“Ida” — a poem by Kristofer Collins

November 20th, 2019

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Image by Mateusz Wyszyński from Pixabay

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Ida
………..for Adam Zagajewski

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I remember a Polish jazz combo I once saw in a movie
about Jews and nuns and suicide. It was after the war
and the band played in basement clubs – bass, drums,
a tenor sax. It must have taken place in the early 1960s,
I remember they mentioned Coltrane. It could have been
1939 or 1944, though, for all the city could say. Warsaw
looked as though it would flinch if you reached for its hand,
like it would turn and run if you opened your arms to her.
It looked the same as the sky this morning in Pittsburgh,
as if color hadn’t been invented yet. And neither had
compassion. We trudge through the sideways rain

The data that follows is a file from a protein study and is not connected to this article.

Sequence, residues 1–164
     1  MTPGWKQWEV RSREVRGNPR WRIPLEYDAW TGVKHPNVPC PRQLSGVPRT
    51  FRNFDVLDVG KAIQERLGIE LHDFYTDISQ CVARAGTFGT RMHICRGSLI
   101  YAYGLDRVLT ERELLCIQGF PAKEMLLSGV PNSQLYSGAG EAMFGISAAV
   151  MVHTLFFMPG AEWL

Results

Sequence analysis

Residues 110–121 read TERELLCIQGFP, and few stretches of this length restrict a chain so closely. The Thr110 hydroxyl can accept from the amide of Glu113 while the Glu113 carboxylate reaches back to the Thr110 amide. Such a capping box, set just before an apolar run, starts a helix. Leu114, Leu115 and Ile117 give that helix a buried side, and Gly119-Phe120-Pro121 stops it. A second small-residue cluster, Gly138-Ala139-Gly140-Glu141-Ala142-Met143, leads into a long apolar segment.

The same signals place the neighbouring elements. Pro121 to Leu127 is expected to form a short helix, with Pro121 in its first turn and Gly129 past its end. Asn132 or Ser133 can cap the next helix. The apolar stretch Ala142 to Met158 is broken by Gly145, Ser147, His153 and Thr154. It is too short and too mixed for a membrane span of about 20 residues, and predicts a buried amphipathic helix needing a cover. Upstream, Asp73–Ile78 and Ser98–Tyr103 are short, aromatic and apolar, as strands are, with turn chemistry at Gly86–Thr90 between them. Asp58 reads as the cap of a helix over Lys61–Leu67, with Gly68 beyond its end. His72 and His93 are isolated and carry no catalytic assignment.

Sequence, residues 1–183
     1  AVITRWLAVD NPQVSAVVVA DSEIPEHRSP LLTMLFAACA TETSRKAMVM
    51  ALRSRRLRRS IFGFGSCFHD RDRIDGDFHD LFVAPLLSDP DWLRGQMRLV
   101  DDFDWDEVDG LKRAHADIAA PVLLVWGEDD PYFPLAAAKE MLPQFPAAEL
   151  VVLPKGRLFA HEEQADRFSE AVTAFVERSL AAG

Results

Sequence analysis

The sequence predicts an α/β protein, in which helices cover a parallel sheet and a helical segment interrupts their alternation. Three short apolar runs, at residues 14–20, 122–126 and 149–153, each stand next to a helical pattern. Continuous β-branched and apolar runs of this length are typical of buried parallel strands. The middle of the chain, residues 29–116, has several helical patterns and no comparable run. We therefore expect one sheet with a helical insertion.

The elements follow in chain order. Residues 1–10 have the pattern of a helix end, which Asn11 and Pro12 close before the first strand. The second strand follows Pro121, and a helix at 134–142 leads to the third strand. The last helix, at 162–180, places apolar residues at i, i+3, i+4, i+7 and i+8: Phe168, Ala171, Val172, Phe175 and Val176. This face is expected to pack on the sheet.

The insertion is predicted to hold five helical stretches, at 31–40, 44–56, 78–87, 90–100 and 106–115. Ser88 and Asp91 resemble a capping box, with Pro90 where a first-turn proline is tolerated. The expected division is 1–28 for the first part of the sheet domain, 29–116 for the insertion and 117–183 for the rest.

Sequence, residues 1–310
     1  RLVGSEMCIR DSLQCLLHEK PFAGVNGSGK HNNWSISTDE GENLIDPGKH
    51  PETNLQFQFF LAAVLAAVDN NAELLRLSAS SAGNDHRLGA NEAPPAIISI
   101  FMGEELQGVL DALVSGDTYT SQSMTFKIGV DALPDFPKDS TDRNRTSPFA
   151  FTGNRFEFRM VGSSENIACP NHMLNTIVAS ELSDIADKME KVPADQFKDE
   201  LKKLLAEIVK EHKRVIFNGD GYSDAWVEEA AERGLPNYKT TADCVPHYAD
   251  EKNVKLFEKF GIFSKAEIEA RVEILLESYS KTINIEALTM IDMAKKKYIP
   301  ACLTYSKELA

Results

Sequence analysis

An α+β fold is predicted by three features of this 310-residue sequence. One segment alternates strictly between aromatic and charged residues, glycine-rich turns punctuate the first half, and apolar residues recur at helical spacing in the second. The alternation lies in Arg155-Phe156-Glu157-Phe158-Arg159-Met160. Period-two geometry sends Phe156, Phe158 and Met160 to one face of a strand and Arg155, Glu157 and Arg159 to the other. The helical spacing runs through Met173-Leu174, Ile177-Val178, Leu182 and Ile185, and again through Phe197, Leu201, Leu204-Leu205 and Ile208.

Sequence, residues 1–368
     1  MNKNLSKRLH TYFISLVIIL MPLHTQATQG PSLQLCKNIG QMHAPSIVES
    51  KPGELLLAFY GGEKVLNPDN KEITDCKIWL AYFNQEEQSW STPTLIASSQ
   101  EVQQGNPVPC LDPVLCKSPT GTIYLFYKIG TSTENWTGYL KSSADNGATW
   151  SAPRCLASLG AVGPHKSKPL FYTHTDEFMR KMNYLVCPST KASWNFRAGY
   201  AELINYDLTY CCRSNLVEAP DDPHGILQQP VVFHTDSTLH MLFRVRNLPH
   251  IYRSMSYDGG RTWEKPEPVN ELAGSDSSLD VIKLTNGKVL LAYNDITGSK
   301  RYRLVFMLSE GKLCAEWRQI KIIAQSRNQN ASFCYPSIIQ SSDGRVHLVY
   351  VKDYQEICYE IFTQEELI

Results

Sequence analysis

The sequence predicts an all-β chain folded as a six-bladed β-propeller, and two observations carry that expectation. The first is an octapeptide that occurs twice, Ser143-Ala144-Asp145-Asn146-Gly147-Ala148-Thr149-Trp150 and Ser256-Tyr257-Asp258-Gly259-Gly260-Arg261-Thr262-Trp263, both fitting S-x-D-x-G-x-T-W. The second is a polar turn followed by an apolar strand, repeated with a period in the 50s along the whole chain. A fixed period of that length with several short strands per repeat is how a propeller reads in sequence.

and we are out of rhythm. My wife is reciting
the mortality statistics for women giving birth in America.
The numbers sounding no different than a litany of
the war dead. We’ve been trying to get pregnant.
The world needs more good people, my wife says.
She says things cannot continue this way. We have
a responsibility. I think I hear the barest whisper
of that beautiful song through the downpour as the high
wind cuts through the outstretched arms of bare trees,
or it could just be the crying of the bombs
as they start to fall.

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___

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Kristofer Collins is the books editor for Pittsburgh Magazine. He is the author of several poetry collections, most recently. Salsa Night at Hilo Town Tavern.published by Hyacinth Girl Press. He lives in Pittsburgh, PA with his wife and son. 

 

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